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This Manufacturer's Earnings Reflect a Possible Looming Recession

By Beth McKenna - Oct 27, 2019 at 10:31AM

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Proto Labs' Q3 earnings were hurt by a macroeconomic environment "that has continued to soften throughout 2019."

Proto Labs (PRLB 3.15%) stock plunged 10.4% on Thursday after the quick-turn contract manufacturer released weak third-quarter results before the market opened. Shares are down 14.8% in 2019 through Friday, Oct. 25, versus the S&P 500's 22.5% return.

We can attribute the market's reaction to the Minneapolis area-based company's revenue falling short of Wall Street's consensus estimate, along with fourth-quarter guidance for both the top and bottom lines coming in lighter than analysts had expected. Management continues to characterize the global macroeconomic environment as "weak." (Whether the U.S. slips into a recession remains to be seen, but here are three stocks that should be recession-resistant.)

Here's how the quarter worked out for Proto Labs and its investors.

A worker standing next to a 3D-printing machine inside a Proto Labs facility.

Image source: Proto Labs.

Proto Labs results: The key numbers


Q3 2019

YOY Change


$117.5 million

1.8%, or 2.5% in constant currency

GAAP net income

$16.8 million


Adjusted net income

$20.4 million





Adjusted EPS



Data source: Proto Labs. YOY = year over year. GAAP = generally accepted accounting principles. EPS = earnings per share.

GAAP gross margin came in at 50.8%, down from 52% in the second quarter. Adjusted gross margin was 51.5%, down sequentially from 52.6%.

Wall Street was looking for adjusted EPS of $0.74 on revenue of $119.4 million. So, the company slightly beat the earnings estimate, but fell short on the top line.

Proto Labs had guided for adjusted EPS between $0.69 and $0.77 on revenue of $116 million to $122 million. So, its earnings came in near the high end of its expectation range, and its revenue landed closer to the low end of its outlook range.

Results on both the top and bottom lines deteriorated sequentially, as in the second quarter, sales rose 5.7% year over year -- or 7% in constant currency -- and adjusted EPS slipped 3%.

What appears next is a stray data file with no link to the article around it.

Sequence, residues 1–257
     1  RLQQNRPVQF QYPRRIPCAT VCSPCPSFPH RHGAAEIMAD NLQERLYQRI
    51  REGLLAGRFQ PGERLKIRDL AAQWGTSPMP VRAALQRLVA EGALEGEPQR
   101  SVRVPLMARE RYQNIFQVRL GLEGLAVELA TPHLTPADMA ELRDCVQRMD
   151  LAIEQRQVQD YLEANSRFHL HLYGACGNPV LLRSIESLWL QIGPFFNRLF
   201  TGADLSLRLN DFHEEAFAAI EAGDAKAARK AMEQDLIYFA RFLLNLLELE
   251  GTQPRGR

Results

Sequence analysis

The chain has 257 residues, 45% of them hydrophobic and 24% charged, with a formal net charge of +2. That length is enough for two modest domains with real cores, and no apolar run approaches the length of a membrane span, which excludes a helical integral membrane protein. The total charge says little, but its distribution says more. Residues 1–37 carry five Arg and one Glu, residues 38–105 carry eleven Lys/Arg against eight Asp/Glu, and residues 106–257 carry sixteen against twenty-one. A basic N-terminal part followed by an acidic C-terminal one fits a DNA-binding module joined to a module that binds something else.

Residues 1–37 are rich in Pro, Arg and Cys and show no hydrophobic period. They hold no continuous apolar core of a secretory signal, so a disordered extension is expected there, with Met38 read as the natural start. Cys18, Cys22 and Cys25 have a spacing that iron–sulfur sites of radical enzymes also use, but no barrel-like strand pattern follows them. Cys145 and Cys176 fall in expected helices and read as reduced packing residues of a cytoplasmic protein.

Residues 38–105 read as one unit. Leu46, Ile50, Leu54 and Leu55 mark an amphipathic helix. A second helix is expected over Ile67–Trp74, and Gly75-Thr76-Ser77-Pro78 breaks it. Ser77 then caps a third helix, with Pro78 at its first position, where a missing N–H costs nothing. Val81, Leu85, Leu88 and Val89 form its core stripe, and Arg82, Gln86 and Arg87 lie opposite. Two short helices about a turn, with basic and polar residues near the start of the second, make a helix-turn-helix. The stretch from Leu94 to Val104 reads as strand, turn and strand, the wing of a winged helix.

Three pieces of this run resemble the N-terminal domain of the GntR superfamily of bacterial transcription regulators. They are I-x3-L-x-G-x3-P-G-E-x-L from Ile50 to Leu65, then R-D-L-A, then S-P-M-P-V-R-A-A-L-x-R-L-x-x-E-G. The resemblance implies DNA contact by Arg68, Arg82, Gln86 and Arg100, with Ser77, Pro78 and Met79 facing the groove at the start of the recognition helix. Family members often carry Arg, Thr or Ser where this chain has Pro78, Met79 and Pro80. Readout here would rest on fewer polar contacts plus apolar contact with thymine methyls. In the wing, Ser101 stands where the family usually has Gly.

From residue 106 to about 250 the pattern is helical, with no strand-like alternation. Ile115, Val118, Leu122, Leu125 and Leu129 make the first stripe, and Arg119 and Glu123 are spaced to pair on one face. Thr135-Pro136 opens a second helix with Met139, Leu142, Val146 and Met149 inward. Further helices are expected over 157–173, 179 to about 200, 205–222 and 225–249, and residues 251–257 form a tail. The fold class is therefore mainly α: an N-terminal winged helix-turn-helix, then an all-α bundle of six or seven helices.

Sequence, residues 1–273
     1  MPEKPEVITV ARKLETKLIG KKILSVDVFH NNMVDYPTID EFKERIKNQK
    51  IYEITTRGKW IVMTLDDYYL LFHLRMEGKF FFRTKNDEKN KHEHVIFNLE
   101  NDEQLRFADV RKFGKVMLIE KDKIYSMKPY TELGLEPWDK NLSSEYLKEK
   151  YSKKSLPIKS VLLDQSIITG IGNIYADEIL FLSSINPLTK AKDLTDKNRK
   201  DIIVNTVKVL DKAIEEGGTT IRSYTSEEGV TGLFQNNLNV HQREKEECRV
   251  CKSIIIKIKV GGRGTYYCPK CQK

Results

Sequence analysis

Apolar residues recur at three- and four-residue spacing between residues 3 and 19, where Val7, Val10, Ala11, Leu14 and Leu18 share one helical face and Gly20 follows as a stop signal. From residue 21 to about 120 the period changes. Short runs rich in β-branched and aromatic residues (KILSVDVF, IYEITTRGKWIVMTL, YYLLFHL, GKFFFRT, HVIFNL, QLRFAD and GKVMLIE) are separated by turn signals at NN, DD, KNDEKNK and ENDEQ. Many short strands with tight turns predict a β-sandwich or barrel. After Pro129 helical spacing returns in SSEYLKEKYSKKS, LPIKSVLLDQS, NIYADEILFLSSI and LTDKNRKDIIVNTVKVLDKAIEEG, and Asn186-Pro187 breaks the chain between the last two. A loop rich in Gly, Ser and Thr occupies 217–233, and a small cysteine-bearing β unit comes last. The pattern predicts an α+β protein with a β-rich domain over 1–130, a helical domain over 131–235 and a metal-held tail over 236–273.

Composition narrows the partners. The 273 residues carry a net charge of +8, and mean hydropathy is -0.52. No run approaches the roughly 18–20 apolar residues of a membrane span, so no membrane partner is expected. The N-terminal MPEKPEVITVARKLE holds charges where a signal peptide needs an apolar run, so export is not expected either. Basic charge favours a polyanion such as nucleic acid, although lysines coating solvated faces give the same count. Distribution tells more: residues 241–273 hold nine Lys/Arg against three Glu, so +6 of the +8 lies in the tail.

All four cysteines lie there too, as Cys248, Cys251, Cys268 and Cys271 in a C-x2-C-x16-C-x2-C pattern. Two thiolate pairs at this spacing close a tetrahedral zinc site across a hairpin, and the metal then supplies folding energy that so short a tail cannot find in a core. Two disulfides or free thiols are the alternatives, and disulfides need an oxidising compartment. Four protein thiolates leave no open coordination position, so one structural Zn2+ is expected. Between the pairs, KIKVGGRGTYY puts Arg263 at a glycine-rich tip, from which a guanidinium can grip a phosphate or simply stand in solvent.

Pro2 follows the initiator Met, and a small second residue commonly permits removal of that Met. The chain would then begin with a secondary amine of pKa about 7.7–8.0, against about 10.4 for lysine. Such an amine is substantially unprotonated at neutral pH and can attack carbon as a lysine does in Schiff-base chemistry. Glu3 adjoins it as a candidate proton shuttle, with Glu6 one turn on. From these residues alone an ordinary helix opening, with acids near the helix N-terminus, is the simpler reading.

On the earnings call, CEO Vicki Holt said that revenue growth in the company's legacy services was about 4% in constant currency, while revenue in the Rapid Manufacturing business declined 14.3%. (Proto Labs acquired New Hampshire-based Rapid, which has computer numerical control [CNC] machining and sheet metal operations, in late 2017.)

Revenue results by service provided

Manufacturing Service

Revenue Q3 2019

YOY Change

Injection molding 

$55.2 million


CNC machining

$40.2 million


3D printing

$15.9 million


Sheet metal

$5.3 million



$0.9 million



$117.5 million


Data source: Proto Labs.

By geographic region, revenue grew 2.4% year over year to $92.9 million in the U.S., declined 2.6% (up 2.1% in constant currency) to $20.7 million in Europe, and rose 12% (7% in constant currency) to $3.8 million in Japan

What management had to say

Here's what CEO Holt had to say in the earnings release about the anemic quarter:

Our business grew year over year in the third quarter in an industrial environment that has continued to soften throughout 2019. Despite a weaker macro climate, our customer retention rate remains high as we continue to delight our customers by expanding and improving our industry-leading digital manufacturing offer.

Q4 guidance

On the earnings call, CFO John Way outlined the company's weak fourth-quarter outlook:

  • Revenue in the range of $109 million to $115 million, representing a decline of 3.4% to an increase of 2% year over year.
  • Adjusted EPS of $0.59 to $0.67, representing a decline of 20% to a decline of 9%.

Going into earnings, Wall Street had been modeling for adjusted EPS of $0.70 on revenue of $117.9 million in the fourth quarter. So the company's guidance on both the top and bottom lines fell short of expectations.

A looming recession?

The U.S. and global industrial sectors are fragile, according to many monthly indexes and other data, including earnings reports from industrial giants. And the majority of business economists -- 74% -- believe that a recession is coming by 2021.

So, while Proto Labs is a well-run company whose stock should perform well over the long term, most investors may want to favor more recession-resistant stocks now.

Beth McKenna has no position in any of the stocks mentioned. The Motley Fool owns shares of and recommends Proto Labs. The Motley Fool has a disclosure policy.

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